Friday, November 20, 2015

A Murder for Old Time’s Sake

Photo, from left: Stephanie Nace, Harrison Fry and Vanessa Postil in A Murder for Old Times’ Sake. Courtesy Open Road Productions.
 Musical Murder Mystery at Pellegrino’s Event Center!
Published in the Weekly Volcano, Nov. 19, 2015

Rob Taylor (left) and
Kyle Henick.
Courtesy Open Road Productions.
Presented by Pellegrino’s Italian Kitchen and Open Road Productions, A Murder for Old Time’s Sake is a musical murder mystery dinner theater extravaganza that just might have you laughing so hard you spit out your Tuscan Pork Loin (or Parsnip Steak Marsala). It’s funny, it’s got great music, and a complicated mystery plot that you, the audience, will be asked to solve. And to top it all off, it comes with a three-course dinner from executive chef Sam Pellegrino.
I attended a dress rehearsal the night before opening night and came away thinking this is the funniest of the three dinner theaters I’ve seen at Pellegrino’s.
It’s the 20th reunion of the South Pattersfield High School class of 1995, and gathered together is a quintet of former lovers and enemies plus the school principal. There’s Biff (Kyle Henick), the class clown, football hero and bully; Nancy (Vanessa Postil), Biff’s ex-wife who also “like-likes” David (Rob Taylor), the class nerd who invented a self-cleaning toilet and became fabulously wealthy — take that, Biff, for giving me that swirly. And there’s Lucy (Stephanie Nace), who was nobody special in high school and is now a famous mystery writer whose latest novel, Murder Comes to High School, eerily mirrors what is about to happen at the reunion; and Billy (Harrison Fry), class president and most likely to succeed, who ends up as the janitor at South Pattersfield High. Finally, there’s the drunken, idiotic school principal, Horace McGuffin (Dennis Rolly).
from left: Stephanie Nace, Harrison Fry and Vanessa Postil in A Murder for Old Times’ Sake. Courtesy Open Road Productions.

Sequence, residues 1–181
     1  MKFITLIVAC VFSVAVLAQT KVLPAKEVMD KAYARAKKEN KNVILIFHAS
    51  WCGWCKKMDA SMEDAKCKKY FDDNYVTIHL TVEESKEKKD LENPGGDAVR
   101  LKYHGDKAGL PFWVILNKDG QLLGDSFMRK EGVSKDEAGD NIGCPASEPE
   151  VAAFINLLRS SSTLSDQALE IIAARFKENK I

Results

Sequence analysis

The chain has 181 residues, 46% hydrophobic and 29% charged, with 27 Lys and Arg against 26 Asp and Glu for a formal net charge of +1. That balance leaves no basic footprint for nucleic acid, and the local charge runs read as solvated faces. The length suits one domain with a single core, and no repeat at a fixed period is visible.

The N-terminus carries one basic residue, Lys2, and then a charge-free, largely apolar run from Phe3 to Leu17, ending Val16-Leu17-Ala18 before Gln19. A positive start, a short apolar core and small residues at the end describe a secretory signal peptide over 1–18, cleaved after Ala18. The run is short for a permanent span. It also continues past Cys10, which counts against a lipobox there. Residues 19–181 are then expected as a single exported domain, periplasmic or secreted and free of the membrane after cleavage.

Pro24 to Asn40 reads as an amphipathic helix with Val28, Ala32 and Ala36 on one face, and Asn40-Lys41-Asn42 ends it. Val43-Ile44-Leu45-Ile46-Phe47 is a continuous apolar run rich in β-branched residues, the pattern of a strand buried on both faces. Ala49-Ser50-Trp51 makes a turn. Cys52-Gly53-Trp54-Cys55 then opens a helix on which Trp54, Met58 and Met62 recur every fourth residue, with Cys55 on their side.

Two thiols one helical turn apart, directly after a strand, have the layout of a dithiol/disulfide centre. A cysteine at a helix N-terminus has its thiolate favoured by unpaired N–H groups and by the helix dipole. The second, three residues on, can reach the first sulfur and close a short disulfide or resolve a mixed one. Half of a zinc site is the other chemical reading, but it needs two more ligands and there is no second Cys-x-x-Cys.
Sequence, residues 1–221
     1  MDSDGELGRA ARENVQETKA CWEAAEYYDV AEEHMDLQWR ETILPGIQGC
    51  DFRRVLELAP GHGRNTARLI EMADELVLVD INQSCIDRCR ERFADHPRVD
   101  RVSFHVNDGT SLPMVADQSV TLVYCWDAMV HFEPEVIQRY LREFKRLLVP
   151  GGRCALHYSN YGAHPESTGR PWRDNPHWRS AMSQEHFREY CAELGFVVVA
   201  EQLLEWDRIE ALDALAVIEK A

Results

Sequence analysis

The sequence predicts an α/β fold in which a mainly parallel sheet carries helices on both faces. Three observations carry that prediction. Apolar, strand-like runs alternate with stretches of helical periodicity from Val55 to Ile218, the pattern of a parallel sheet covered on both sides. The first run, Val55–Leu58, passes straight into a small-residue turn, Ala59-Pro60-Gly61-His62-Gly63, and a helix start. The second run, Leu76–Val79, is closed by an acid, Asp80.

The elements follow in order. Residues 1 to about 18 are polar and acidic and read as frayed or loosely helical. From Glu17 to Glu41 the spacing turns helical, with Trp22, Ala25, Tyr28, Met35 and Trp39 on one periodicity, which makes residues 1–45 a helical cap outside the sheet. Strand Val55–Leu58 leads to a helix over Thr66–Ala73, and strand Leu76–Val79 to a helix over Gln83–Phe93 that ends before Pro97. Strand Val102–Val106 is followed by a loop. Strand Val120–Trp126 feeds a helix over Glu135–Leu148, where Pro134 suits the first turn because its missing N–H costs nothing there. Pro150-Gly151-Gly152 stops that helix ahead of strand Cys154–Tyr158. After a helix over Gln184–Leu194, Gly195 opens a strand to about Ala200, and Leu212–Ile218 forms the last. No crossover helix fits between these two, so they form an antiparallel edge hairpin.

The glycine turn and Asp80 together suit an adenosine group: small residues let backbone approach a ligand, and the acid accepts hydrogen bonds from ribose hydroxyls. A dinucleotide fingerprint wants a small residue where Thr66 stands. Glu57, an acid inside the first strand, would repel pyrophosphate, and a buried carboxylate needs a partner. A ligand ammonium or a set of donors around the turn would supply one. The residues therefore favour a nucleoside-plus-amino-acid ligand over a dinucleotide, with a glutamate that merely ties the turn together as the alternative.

Right after a great rocking song. “It’s Biff” sung by Henick, somebody gets murdered. One of the five survivors must be the murderer, and it’s up to them, with the help of the audience, to figure out who did it. In the process, we’re treated to more great music and comedy plus a couple of spoof commercials.
The entire ensemble is outstanding — good actors and singers, with the bonus that physically they’re even cast to type, not that we even know what any of them look like, but they certainly look the way I would picture them. It was an especially enjoyable treat to see Henick, an actor I have seen only once before, and it was great to see Nace back on stage again after a long hiatus. Rolly and Taylor were both solid, and this is the best acting I’ve yet seen from Fry.
If some of the music is reminiscent of Harlequin’s A Rock and Roll Twelfth Night, it’s because some of them are adaptations of songs from that show and were written by the same composer and lyricist, Scot Whitney and Bruce Whitney, with lyrics for three new songs written by Daven Tillinghast. The band is the Wildwood Orchestra, led by Brad Schrandt (keyboard), with David Broyles (guitar), Cameron Arneson (bass) and Andy Garnes.
There are repeated intermissions during which second and third courses and dessert are served, and during which cast members wander through the audience in character so audience members can quiz them in order to suss out the killer. Audience members can fill out a sleuth sheet with their guesses about who the murderer is and how and why he or she did it. There are prizes awarded from those.
A Murder for Old Time’s Sake was written by Andrew Gordon and directed by Jeff Painter. Including dinner and intermissions, it runs a little more than three enjoyable hours.
A Murder for Old Time’s Sake, Nov. 20-21 at 7 p.m., $45 general seating, $55 front table seating, Pellegrino’s Event Center, 5757 Littlerock Rd SW, Tumwater, tickets online at

No comments: